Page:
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Posts Tagged ‘Klara Ek’

Kita-ku is not one of Tokyo’s fashionable neighborhoods and most tourists never go there. It’s district hall has a 1,300-seat theatre called Sakura Hall, where a collaboration with the Japanese period-instrument orchestra Les Boréades has brought about a yearly concert since 1995 with foreign guest musicians, featuring works ranging from Rameau’s Hyppolite et Aricie to Gluck’s Les Pèlerins de la Mecque. This year, they return to Mozart with Le Nozze di Figaro (in 2011, there was Così fan Tutte and, in 2004, there was Idomeneo with tenor John Elwes, a CD of which has been released).

Conductor and violinist Ryo Terakado is a key name in the Japanese HIP scene and has performed with every Japanese artist in this repertoire you can think of. I have, for instance, recognized some members of Masaato Suzuki’s Bach Collegium Japan on stage today. His approach to Mozart is hardly meant to cause any revolutionary impression. On the contrary, it seems exclusively informed with the intent of making this score clear, spontaneous and theatrical. Tempi were flowing, but not rushed, accents sounded natural and harsh sonorities were not seen as an expressive tool. Although Les Boréades is a very decent orchestra, it is no Les Musiciens du Louvre: strings are a bit on the thin side, the brass section is bumpy and woodwind could be little bit more in the foreground. I don’t know the hall acoustics, but I have the impression that singers had too much advantage on the orchestra too. And we’re speaking of a semi-staged performance with instruments on stage. In any case, I would be curious to see what Terakado could do with a more technically adept team.

I have the impression that Mozart would expect someone closer to Klara Ek than Kiri Te Kanawa in the role of the Countess Almaviva. Hers is a light, dulcet voice incapable of an ugly sound throughout its range. I had seen her before as a thoroughly lovely Romilda in a production of Handel’s Serse in Kopenhagen. Today, her Porgi, amor was sung with the spontaneity of a song one would sing to oneself, but I guess we’ve become too used to hear some like Te Kanawa making it an example of sublime. She was happier when the role’s tessitura was higher and offered an exemplary Dove sono, in which she proved capable of some shading. Roberta Mameli is the prove that a great Susanna has to have brains first – and then a good voice. Her voice is not devoid of charm – it comes in one pleasant bell-toned quality with enough body but very little tonal variety. If she could produce true mezza voce and allow her low notes to blossom properly, she could have a career as a Mozart singer, for she masters the style and is musicianship incarnated. What makes her Susanna so special, however, is her understanding of the art of Italian declamation. Whoever had the opportunity to attend a theatre performance in Italy knows that this country has a highly formalized theatrical tradition. You can close your eyes and guess who’s the damsel in distress, who’s prince charming, who’s the bad guy, who’s the damsel’s father et al only by the way they speak. Ms. Mameli’s Susanna is deeply imbued of buffo tradition and her recitatives are an exquisite concoction in which you can find thousands of information about who is Susanna and what she is doing at that precise moment. Better – she can retain this ability in her arias and ensembles without any sacrifice to vocal line. Even better – she is an excellent actress with a three-dimensional view of her role. This Susanna is clearly a servant, she obviously is in love with her fiancé, she evidently resists the Count and enjoys the distinction of being allowed in the Countess’s privacy. Most of all, she likes to think she is cleverer than everyone else. In the act II finale, she makes it clear that her greatest surprise there was not that Figaro could prefer an older woman, but simply the fact that someone could have finally fooled her. Later on, she used every little word in Deh vieni, non tardar to allure, to seduce not only Figaro, but everyone in that theatre. I have seen and heard great singers as Susanna, some of them had superior voices, but Roberta Mameli simply offered me the most completely interesting performance in this role in my experience. Bravissima.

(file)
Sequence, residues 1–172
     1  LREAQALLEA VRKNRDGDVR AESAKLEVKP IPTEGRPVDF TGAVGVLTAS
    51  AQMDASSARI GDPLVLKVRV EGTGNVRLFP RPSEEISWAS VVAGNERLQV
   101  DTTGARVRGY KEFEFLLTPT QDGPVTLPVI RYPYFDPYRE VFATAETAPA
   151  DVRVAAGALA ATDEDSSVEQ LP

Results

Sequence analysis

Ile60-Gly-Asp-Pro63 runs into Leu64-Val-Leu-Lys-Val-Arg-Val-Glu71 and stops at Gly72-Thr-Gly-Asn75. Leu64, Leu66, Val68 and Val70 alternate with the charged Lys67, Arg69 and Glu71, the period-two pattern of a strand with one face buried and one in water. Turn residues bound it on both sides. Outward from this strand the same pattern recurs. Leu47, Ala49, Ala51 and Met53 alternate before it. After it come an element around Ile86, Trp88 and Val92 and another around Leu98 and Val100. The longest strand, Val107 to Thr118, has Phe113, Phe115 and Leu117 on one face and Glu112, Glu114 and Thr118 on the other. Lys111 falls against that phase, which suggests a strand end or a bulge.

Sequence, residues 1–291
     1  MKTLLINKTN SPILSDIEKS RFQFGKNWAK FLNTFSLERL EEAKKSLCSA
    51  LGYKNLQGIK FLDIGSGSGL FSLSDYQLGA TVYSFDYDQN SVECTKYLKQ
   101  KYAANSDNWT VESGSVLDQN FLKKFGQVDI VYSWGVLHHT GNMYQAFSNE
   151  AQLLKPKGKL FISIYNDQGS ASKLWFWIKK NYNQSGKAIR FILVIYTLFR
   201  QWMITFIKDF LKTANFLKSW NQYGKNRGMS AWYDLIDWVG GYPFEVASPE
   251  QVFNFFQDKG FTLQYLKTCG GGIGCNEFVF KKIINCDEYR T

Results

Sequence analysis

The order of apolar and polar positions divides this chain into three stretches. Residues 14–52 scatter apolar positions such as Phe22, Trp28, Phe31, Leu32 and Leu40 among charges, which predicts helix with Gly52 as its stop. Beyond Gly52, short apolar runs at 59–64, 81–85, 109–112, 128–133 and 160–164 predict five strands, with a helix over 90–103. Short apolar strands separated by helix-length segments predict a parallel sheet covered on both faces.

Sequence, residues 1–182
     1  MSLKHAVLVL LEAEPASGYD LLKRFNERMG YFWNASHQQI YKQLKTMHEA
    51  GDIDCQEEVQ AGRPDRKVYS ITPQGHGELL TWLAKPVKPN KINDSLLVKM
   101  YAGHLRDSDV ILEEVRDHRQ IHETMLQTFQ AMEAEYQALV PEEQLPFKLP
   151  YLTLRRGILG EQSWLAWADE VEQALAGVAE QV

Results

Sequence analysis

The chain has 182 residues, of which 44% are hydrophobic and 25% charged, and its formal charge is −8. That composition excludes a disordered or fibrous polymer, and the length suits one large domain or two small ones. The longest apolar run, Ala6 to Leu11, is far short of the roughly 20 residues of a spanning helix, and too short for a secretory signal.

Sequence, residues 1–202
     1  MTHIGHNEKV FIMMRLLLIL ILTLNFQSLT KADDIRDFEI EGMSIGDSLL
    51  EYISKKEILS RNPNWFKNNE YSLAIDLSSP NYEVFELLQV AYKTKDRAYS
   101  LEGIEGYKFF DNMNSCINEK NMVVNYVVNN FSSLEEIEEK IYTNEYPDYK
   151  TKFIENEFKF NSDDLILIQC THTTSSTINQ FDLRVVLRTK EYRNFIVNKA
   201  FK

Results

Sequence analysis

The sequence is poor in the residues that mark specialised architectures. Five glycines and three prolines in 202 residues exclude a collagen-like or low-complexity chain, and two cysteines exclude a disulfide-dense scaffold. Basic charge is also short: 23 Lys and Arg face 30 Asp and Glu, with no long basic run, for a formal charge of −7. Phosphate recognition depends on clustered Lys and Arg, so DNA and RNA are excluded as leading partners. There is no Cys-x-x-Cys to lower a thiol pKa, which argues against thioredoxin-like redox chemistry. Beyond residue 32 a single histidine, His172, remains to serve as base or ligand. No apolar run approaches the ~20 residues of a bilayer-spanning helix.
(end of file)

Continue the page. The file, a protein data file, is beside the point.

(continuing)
As Mutsumi Hatano (Cherubino) has fallen unexpectedly ill and become completely hoarse, our Marcellina, Yuko Anazawa, had to dub her from behind the orchestra. Ms. Anazawa has a lovely, fruity voice and, nervous as she was by having to deal with previously unrehearsed recitatives, offered charming accounts of both Cherubino arias and a quite impressive rendition of her own aria, with extremely clear divisions. If she solves the lack of focus around the passaggio (and improves her Italian), she could have an important career.